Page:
A lawyer says Brigham Young University erroneously cited Title IX as a reason why it could not halt an honor code action against her client, a female student who said she was raped.
Madi Barney, an undergraduate at BYU, reported to police in September 2015 that she was raped by Nasiru Seidu, who was not a fellow student. He was charged and is awaiting trial, which is expected to start later this year. But the private university, owned and operated by the Church of Jesus Christ of Latter-day Saints, commonly called the Mormon church, accused Barney in November of violating the school's honor code after it got hold of the police case file in her case.
BYU's honor code is unusually strict compared to most higher education institutions, but that's because it falls in line with teachings of the Mormon church. While typical rules about drinking and drugs are included, so too are policies barring students from premarital sex, as well as from being the same bedroom as someone of the opposite sex.
The controversy associated with the case prompted BYU to announce Monday that it will re-examine its procedures for dealing with victims of sexual assault.
Liesel LeCates, Barney's attorney, said both she and the Utah County attorney's office asked the university in Provo, Utah, to refrain from investigating the alleged honor code violation, but the school refused.
"The rape didn't happen on campus and the defendant is not a BYU student -- so what interest does BYU even have in this case?" LeCates asked.
BYU also wouldn't specify its allegations against Barney, Le Cates told The Huffington Post. LeCates made the same claim to the Salt Lake Tribune last week.
An email obtained by HuffPost, sent from a Title IX coordinator to Barney on Dec. 1, 2015, does not specify what honor code policy she allegedly violated. It does say the Title IX official planned to turn information about her over to the honor code office.
The school's general counsel then told LeCates on a phone call that the school had to initiate the honor code action immediately to comply with federal law, LeCates told HuffPost. When LeCates challenged that, stating there is no law requiring a school to investigate an alleged rape victim for honor code violations, BYU lawyers started backing away from that claim, she said.
When asked by HuffPost what law the school attorneys would have been referring to, BYU spokeswoman Carri Jenkins said, "It sounds to me like the law being referred to is Title IX."
Title IX is a federal gender equity law that requires schools to address reports of sexual assault and harassment.
Jenkins then suggested the statement about needing to comply with federal law was false, but declined multiple requests by HuffPost on Monday for clarification. Instead, BYU pointed HuffPost to a new statement about its review of Title IX and honor code procedures.
"Sometimes in the course of an investigation, facts come to light that a victim has engaged in prior Honor Code violations," BYU admitted in a statement Monday. "The university recognizes the inherent tension, in some circumstances, in these two important parts of BYU’s efforts to create and maintain an atmosphere consistent with the ideals and principles of the Church. In all Honor Code proceedings, the university strives for fairness, sensitivity and compassion, taking into account all mitigating facts and circumstances."
Experts contacted by HuffPost were perplexed at BYU's apparent citation of Title IX as a reason it had to investigate a reported victim of sexual assault, rather than an alleged assailant, and questioned whether forging ahead with the honor code investigation of Barney was wise.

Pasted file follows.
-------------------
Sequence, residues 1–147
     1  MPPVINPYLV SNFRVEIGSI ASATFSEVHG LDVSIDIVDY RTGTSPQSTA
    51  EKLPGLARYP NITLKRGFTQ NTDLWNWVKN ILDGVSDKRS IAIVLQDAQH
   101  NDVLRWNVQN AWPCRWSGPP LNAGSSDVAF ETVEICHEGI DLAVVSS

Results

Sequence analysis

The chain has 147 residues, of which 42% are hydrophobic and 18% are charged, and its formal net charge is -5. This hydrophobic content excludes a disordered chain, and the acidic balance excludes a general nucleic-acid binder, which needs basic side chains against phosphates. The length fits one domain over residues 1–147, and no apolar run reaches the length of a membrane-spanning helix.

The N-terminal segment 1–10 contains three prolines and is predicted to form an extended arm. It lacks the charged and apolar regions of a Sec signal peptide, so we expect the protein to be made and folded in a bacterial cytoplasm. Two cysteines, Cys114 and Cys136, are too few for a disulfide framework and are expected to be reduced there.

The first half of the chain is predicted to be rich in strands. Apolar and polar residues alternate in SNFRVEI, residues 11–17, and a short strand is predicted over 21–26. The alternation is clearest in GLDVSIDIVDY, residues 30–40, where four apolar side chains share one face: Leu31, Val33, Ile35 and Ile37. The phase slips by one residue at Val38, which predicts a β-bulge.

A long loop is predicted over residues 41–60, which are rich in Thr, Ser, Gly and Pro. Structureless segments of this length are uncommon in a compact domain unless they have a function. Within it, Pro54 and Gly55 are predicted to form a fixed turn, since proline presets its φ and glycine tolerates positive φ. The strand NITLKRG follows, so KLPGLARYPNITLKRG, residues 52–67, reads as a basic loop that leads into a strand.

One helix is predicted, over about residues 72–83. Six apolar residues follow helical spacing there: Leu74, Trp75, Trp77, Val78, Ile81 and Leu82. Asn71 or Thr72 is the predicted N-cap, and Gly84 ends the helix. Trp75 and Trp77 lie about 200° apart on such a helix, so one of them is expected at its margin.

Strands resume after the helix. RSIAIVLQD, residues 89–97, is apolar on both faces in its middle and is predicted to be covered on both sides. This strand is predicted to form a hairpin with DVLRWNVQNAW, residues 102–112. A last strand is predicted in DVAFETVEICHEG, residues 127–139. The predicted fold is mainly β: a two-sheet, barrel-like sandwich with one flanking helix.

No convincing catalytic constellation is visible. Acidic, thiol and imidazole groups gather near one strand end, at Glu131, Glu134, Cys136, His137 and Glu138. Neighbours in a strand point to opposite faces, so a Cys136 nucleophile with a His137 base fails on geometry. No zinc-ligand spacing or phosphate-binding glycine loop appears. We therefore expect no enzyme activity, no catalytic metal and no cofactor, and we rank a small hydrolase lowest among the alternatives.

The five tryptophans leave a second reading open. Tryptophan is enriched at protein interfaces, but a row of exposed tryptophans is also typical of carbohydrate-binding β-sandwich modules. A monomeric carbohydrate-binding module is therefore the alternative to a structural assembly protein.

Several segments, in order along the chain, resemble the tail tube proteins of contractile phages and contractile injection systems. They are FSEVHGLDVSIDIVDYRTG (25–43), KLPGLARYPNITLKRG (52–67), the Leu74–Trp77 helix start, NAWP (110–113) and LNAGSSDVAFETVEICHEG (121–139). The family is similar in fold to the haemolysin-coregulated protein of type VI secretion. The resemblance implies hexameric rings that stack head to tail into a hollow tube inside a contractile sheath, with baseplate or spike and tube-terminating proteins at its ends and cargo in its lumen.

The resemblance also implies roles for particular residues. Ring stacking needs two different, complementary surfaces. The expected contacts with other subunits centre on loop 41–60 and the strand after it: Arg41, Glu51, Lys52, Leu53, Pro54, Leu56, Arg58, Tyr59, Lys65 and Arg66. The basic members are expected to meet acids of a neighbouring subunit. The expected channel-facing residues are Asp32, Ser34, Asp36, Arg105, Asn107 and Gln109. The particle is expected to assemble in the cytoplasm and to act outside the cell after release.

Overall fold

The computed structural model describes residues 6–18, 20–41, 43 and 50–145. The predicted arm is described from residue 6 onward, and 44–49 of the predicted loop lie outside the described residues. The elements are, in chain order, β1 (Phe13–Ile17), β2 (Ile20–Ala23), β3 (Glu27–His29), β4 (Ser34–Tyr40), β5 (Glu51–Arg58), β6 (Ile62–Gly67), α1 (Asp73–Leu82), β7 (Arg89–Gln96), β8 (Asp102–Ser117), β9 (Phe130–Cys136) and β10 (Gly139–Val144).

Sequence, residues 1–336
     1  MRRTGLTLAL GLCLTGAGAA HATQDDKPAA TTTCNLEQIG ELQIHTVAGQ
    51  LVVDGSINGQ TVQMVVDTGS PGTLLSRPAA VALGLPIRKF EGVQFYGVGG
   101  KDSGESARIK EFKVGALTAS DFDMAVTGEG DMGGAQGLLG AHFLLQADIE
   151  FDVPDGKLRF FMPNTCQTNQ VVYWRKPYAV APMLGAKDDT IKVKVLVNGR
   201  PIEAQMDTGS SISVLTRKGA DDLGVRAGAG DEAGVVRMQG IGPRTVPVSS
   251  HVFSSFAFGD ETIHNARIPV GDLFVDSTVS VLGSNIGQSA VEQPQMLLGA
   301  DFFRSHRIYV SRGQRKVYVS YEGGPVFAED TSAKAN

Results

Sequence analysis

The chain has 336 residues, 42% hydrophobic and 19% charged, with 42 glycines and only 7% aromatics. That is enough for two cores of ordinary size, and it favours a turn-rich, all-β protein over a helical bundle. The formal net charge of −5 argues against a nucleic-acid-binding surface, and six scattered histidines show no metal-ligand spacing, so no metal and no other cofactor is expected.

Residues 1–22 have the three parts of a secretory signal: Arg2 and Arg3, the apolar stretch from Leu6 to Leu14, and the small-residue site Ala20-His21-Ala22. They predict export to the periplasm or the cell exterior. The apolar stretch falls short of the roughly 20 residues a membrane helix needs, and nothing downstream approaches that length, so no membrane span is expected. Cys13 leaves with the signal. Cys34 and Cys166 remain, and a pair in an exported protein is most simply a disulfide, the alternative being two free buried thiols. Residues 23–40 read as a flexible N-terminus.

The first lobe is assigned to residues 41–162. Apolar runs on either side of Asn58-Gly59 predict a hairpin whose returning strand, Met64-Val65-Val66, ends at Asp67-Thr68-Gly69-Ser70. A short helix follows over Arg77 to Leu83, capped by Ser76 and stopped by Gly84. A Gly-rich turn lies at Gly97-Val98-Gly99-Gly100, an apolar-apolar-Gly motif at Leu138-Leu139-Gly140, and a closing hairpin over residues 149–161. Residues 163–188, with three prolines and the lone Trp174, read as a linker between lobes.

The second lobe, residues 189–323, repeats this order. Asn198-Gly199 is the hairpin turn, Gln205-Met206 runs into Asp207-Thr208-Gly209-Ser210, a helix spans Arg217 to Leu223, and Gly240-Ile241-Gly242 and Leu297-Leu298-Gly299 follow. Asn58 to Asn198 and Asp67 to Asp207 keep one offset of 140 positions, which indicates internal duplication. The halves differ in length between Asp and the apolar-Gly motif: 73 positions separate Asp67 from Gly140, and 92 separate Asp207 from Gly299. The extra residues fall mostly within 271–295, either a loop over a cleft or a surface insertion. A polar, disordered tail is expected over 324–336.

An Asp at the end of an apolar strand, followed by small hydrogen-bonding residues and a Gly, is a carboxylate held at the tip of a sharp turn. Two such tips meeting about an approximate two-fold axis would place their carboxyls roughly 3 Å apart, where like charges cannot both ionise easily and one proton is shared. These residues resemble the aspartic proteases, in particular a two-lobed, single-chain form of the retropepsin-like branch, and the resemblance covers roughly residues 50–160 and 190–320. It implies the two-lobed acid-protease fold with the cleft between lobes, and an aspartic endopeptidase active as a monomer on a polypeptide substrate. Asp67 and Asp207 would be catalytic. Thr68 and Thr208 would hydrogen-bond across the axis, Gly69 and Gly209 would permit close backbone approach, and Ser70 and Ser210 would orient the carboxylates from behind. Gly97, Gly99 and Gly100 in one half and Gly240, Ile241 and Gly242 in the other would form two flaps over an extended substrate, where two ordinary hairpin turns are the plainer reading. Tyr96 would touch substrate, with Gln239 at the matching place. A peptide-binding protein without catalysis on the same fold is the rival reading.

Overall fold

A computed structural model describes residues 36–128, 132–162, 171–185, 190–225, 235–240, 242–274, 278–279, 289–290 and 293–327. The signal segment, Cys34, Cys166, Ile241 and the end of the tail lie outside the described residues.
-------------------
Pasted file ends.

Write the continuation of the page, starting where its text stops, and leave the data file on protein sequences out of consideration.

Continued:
Since the alleged rapist in Barney's case is not a BYU student, there's no situation requiring the school treat both the accused and the accuser equally, noted S. Daniel Carter, a longtime campus safety consultant.
Colby Bruno, a lawyer with the Victim Rights Law Center, similarly thought BYU would be "misapplying" Title IX if they had cited it.
"In fact, most schools agree that providing amnesty for a rape victim's honor code violations is appropriate," Bruno told HuffPost.
The U.S. Department of Education would agree as well. In a 2011 letter sent to all colleges and universities receiving federal funding -- including BYU -- the department's Office for Civil Rights advised:
Schools should be aware that victims or third parties may be deterred from reporting incidents if alcohol, drugs, or other violations of school or campus rules were involved. As a result, schools should consider whether their disciplinary policies have a chilling effect on victims’ or other students’ reporting of sexual violence offenses.
BYU placed an academic hold on Barney in March, meaning she cannot register for more classes until she completes the school's honor code review. But Barney said she can't complete the review because it would involve disclosing details of her sexual assault, which she can't speak about until after the trial.
The Tribune article last week quoted Deputy Utah County Attorney Craig Johnson as insisting BYU's actions threatened the criminal case against Seidu. He made similar claims to the Daily Herald.
But Utah County Attorney Jeffrey Buhman, an elected official and Johnson's boss, said Friday that BYU did not hinder the investigation.
Buhman declined on Monday to say whether the university had refused requests from prosecutors to halt the honor code action against Barney.
"I can say that BYU agreed to hold off on any final decisions until after the rape trial, which was scheduled for May but is now on hold pending a defense motion," Buhman told HuffPost.
Tyler Kingkade is a national reporter who covers higher education and sexual violence, and is based in New York. You can reach him firstname.lastname@example.org, or find him on Twitter: @tylerkingkade.